Virtual Space | Creating A Digital Sense of Place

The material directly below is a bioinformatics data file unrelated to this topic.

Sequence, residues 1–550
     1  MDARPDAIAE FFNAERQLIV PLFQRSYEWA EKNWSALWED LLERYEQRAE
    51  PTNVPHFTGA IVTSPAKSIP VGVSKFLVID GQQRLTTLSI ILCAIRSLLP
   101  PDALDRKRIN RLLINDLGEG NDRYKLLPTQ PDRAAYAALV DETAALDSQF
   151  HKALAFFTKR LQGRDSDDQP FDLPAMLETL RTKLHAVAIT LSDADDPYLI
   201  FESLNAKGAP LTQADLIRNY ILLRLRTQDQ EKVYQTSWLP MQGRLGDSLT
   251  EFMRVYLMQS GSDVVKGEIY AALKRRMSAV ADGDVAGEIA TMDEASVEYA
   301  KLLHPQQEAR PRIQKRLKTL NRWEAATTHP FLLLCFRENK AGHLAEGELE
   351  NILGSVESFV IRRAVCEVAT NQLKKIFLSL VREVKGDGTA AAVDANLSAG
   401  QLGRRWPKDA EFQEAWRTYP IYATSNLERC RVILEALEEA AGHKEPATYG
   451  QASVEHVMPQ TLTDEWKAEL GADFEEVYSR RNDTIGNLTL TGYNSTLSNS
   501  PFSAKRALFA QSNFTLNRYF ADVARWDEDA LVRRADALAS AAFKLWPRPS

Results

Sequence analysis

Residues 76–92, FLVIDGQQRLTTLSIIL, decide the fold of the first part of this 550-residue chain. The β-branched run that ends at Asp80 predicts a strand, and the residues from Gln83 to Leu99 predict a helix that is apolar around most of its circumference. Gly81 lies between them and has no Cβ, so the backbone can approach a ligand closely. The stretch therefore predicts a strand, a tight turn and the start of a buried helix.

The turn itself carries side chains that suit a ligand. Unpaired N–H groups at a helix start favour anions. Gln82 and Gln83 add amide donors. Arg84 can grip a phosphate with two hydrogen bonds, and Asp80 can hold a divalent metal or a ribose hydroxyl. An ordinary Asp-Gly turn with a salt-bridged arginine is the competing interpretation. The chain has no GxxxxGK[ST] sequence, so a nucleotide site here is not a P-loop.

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The recent advancements in computer technology in the 21st century have changed the way many designers work in offices today. New computer software has allowed us to actualize works of landscape architecture that could have never been designed in the past using traditional drawing methods. Designers of the built environment have embraced new ideas and forms of virtual representations to present work which has evolved the landscape architecture profession in many ways. The drawing ability of designers is no longer a limit in expressing their imaginations due to new forms of digital art. As one of the most important aspects of design, the ability to successfully convey ideas to clients is now easier than ever. The concept of pure creation is now placed at the finger tips of skilled computer artists who can make any idea come to life. Although the computer is a great tool for designers to use, it should be seen as merely that; a tool. We are now able to imagine endless possibilities for our built world, but now there is a risk of over-saturating the industry with similar works and disrupting the design process. Photo-realistic computer renderings have changed the way designers communicate their ideas, but by presenting works in such a literal form it leaves no room for further growth or imagination. A question that must be answered is: how do we perceive and experience architectural spaces? In order to help our audience truly experience a sense of place for the projects we design there must be a shift to more interactive and dynamic virtual representations. By utilizing new forms of media and technology we can create a virtual sense of place to better communicate and present our designed urban environments. Examining current methods of graphic representation will help us begin to understand how effective our presentations are and where improvements can be made. Existing case studies will be discussed and evaluated on different levels of quality of representation to further refine the ideal form of visualization. Introducing new methods of augmented reality and interactivity will intellectually engage recipients, allowing for a more effective experience of the concepts being presented. The profession of landscape architecture has the opportunity to progress in many ways by questioning current drawing methods and adapting new ones. Furthermore, the exploration of new forms of representation and interaction can then be embraced and applied to create more interactive physical environments within our cities.